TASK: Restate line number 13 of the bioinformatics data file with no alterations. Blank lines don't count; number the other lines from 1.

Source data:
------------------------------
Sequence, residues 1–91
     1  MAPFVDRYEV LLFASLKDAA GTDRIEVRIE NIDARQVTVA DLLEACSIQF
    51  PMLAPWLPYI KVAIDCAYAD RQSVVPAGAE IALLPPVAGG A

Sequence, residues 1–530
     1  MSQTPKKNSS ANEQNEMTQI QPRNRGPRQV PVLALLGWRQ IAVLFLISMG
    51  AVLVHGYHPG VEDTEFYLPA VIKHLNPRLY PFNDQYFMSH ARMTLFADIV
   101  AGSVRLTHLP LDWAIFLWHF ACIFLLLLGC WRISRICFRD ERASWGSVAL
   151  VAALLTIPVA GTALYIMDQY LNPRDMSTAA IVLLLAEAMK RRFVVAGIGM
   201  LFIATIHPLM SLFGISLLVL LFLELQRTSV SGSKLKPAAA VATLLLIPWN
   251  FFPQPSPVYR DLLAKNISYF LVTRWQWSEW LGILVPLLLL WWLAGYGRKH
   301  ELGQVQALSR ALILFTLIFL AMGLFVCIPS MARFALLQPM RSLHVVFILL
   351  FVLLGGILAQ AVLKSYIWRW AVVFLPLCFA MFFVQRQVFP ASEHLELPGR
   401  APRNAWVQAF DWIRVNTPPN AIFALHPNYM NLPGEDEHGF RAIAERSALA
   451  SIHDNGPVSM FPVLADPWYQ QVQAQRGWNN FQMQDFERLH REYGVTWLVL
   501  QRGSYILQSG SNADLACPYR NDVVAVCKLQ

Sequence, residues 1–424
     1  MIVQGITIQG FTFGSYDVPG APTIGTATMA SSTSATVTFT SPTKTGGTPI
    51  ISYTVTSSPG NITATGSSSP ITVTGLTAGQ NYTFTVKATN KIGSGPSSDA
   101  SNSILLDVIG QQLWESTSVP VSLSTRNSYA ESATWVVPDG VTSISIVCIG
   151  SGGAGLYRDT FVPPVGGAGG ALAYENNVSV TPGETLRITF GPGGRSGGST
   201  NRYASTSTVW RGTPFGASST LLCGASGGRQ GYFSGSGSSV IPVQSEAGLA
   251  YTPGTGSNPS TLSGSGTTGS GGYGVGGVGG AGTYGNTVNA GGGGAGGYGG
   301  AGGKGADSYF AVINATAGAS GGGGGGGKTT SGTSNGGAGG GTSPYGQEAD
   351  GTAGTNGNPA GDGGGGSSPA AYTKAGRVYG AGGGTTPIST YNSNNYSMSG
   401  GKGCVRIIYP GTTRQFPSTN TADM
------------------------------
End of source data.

   401  APRNAWVQAF DWIRVNTPPN AIFALHPNYM NLPGEDEHGF RAIAERSALA